Anyone who has tried to buy a house in this century probably can tell stories of astoundingly overpriced dwellings and other disappointments. Mary Elizabeth Williams wrote hers down. "Gimme Shelter" is an account of her experiences shopping for a house in the years just before the real estate bubble popped.

If Williams' tale is more harrowing than average, it's because she and her husband -- less-than-affluent writers in New York City -- decided to put down roots amid some of the most expensive real estate in the country. "Ugly Houses, Cruddy Neighborhoods, Fast-Talking Brokers and Toxic Mortgages," the book's subtitle, sums up the experience.

"Maybe trying to buy a home in a millionaire city on our middle-class budget was what we refer to in the online community as a 'tinyass first-world problem,'" she writes. "It's the one fate has handed us, though. We're living where our lives and destinies have sent us. We're just trying to pay our bills and give our kids an appropriate place to grow up. We have less than some and more than most. We are fortunate. I am wrecked."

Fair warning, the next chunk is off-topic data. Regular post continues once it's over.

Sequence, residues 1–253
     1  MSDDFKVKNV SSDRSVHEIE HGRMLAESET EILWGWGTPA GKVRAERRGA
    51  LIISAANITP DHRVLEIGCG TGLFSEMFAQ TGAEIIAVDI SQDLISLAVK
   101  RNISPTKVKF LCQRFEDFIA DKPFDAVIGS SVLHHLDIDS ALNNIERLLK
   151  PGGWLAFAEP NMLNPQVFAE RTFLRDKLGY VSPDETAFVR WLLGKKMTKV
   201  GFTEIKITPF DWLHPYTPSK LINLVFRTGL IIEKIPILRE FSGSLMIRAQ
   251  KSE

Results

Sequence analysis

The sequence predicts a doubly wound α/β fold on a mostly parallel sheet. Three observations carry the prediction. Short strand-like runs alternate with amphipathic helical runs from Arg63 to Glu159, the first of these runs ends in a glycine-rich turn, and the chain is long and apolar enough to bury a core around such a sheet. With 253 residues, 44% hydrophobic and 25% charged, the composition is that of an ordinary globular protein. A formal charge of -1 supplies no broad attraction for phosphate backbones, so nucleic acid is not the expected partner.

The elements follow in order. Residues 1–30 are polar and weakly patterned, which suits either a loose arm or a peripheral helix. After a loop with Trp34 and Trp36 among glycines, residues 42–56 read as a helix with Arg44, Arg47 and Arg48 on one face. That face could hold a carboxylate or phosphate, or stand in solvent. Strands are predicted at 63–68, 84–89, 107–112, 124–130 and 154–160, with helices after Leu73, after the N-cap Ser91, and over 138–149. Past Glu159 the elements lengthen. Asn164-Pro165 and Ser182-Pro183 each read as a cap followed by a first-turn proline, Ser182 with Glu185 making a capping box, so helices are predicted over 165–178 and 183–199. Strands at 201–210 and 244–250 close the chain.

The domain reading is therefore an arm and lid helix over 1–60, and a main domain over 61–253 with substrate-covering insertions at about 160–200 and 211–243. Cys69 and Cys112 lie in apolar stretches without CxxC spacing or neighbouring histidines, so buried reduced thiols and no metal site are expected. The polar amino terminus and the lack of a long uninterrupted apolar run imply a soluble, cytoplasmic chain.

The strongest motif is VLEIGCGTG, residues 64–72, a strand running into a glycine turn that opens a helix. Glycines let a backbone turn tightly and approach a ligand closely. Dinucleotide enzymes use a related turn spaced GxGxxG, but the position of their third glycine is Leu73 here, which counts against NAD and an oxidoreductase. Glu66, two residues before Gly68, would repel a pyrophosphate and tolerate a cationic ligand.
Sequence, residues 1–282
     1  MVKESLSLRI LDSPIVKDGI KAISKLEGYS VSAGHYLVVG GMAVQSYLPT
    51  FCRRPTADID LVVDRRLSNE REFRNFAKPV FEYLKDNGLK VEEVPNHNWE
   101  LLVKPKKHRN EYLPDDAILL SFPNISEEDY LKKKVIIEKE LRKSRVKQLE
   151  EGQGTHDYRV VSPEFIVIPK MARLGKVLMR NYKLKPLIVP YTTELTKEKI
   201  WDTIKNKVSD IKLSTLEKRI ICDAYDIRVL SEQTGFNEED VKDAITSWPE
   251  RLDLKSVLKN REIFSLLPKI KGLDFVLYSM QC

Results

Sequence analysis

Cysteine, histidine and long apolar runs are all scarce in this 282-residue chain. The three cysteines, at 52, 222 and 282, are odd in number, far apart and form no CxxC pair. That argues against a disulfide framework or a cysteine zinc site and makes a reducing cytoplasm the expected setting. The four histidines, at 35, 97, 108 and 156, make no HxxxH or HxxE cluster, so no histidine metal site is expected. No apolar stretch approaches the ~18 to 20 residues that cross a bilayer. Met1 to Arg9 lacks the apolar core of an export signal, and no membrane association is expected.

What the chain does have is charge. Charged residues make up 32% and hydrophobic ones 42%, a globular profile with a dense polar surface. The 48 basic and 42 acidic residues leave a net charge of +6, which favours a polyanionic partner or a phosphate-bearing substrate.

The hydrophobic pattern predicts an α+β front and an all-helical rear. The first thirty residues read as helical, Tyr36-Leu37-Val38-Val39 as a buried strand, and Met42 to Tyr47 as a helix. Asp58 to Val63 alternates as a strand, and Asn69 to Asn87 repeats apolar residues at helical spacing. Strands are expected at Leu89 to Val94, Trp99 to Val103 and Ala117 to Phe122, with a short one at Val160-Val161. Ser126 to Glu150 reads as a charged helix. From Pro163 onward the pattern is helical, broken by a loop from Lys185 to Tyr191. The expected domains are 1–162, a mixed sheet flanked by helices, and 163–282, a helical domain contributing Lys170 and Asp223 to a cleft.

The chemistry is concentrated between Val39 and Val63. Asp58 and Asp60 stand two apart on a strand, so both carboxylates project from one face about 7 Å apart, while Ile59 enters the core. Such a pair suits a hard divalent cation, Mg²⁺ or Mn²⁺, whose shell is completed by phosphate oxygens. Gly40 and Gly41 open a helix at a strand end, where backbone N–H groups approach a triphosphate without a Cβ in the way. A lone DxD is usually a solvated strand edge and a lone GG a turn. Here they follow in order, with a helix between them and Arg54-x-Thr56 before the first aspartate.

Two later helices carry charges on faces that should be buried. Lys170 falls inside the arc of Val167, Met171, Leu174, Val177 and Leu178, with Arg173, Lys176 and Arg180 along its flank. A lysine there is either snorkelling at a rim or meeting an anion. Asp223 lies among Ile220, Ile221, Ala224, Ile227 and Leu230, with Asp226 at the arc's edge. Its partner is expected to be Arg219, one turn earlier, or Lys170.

Armed with a $400,000 budget and a gritty sense of humor, Williams traipses through an endless series of dim little rooms with peeling linoleum or missing appliances, their windows overlooking air shafts or the expressway. One place has a case of termites, another a yard covered with Astroturf. All carry eye-popping price tags.

"We've been priced out of neighborhoods we wouldn't dream of inhabiting, places where the presence of gorgeous 19th-century brick homes is mitigated by the fact they currently serve as drug houses and squats," she writes.

Increasingly desperate and panicky, Williams and her husband cling to their hopes and weigh compromises. Should they try to stretch beyond their budget, consider a move to outlying suburbs, look for a place with "good bones" that they can renovate?

Williams places her story in a larger context by describing the home-buying experiences of friends -- some similarly frustrated, others triumphant after stumbling upon lucky deals. She explains the mechanics of nontraditional mortgages and the like. Arguably, she crams in too many details, as the countless gloomy apartments and commiserating friends begin to blur.

But as a record of the toll that this manic moment in U.S. real estate took on one ordinary family, the book is valuable as history as well as entertainment.

The story ends happily -- sort of. They find a place. Then Williams' husband loses his job. Williams wrote in Salon last fall that the couple has since separated, their marriage failing under the stress and financial pressures.

Katy Read is a writer in Minneapolis whose work has appeared in Salon, Brain Child, Real Simple and elsewhere.